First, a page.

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Hugh Capet

Hugh Capet (kāˈpĭt, kăpˈĭt) [key], c.938–996, king of France (987–96), first of the Capetians. He was the son of Hugh the Great, to whose vast territories he succeeded in 956. After the death of Louis V, last Carolingian king of France, the nobles and prelates elected him king, setting aside the last Carolingian claimant, Charles I of Lower Lorraine. In order to secure the succession, Hugh took as his associate his son Robert (later King Robert II); he gave away much of his land to secure the dynasty. He spent much of his reign fighting Charles and later became involved in a controversy with the papacy—unsettled at his death—over deposition of the Carolingian archbishop of Reims.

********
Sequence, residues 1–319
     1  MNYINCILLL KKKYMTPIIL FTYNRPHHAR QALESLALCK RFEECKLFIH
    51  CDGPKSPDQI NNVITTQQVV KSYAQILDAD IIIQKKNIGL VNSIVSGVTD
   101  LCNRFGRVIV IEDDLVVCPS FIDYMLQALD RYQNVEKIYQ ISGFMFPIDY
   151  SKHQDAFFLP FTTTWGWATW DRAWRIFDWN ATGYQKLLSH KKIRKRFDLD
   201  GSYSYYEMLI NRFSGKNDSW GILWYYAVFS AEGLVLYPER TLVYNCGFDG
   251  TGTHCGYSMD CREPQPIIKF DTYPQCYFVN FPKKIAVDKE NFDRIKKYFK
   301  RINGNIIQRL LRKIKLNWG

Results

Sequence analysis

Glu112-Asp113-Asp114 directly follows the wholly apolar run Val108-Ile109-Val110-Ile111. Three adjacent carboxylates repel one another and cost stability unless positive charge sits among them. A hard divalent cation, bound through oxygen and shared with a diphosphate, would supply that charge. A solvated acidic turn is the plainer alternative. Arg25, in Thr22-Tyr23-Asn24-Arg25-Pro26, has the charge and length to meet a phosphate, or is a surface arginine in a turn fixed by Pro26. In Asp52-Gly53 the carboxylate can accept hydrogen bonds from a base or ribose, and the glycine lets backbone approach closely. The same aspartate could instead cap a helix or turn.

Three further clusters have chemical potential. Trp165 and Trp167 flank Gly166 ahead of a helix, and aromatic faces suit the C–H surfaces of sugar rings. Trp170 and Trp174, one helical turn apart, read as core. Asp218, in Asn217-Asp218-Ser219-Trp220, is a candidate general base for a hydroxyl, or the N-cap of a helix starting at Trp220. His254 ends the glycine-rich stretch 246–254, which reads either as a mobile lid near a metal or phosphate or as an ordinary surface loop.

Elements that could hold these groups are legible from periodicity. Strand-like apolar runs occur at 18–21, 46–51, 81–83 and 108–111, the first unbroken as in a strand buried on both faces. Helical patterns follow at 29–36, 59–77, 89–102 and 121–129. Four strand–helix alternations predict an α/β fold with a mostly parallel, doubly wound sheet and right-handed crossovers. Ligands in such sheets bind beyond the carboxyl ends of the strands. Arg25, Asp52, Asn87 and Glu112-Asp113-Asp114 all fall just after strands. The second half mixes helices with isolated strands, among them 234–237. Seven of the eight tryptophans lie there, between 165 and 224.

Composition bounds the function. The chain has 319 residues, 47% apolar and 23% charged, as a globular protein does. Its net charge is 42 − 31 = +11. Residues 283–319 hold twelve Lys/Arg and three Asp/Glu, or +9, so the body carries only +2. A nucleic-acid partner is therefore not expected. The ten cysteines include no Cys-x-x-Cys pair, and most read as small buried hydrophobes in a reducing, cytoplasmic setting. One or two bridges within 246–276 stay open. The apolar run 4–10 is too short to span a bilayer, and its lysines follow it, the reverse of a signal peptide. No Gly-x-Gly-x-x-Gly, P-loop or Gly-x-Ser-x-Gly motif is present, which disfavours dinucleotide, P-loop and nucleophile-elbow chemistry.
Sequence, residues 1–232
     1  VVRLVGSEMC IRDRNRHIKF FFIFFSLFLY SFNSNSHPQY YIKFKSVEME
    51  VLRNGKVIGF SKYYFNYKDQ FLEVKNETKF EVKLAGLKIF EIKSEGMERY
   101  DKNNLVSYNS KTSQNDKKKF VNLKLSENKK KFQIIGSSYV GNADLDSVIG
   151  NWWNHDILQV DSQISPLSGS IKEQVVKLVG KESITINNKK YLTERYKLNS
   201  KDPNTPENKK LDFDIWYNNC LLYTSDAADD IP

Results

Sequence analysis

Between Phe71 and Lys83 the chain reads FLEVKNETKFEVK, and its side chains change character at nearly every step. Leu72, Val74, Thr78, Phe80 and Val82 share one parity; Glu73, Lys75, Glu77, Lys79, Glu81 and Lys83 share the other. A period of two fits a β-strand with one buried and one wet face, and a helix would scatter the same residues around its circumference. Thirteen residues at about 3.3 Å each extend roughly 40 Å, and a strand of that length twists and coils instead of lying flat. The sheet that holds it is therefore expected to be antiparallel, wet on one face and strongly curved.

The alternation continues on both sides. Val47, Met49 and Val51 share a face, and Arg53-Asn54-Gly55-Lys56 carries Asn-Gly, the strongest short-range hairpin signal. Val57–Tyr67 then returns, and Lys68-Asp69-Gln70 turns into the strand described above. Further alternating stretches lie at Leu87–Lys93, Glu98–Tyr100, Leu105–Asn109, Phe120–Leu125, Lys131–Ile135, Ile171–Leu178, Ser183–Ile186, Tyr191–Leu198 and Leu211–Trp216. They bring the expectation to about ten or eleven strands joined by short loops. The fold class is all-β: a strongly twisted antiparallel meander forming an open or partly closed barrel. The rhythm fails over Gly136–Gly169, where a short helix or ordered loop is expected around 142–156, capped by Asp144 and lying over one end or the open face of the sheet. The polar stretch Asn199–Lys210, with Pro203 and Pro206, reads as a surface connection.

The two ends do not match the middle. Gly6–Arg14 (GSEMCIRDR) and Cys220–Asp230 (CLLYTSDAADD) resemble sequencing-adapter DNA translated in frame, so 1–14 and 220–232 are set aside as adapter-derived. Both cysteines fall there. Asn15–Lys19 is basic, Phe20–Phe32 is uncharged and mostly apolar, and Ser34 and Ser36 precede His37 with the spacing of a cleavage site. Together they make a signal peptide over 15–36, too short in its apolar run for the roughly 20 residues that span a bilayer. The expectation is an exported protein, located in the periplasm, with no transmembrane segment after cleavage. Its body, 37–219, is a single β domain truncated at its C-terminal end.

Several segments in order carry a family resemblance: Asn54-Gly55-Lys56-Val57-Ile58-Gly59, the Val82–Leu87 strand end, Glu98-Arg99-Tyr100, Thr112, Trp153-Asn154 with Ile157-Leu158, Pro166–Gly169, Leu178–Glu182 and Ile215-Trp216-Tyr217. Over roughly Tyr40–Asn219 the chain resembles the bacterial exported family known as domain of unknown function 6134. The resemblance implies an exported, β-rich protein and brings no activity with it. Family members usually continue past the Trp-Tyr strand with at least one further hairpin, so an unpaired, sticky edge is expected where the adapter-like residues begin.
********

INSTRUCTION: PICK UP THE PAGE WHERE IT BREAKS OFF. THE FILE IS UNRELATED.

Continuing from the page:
The Columbia Electronic Encyclopedia, 6th ed. Copyright © 2012, Columbia University Press. All rights reserved.

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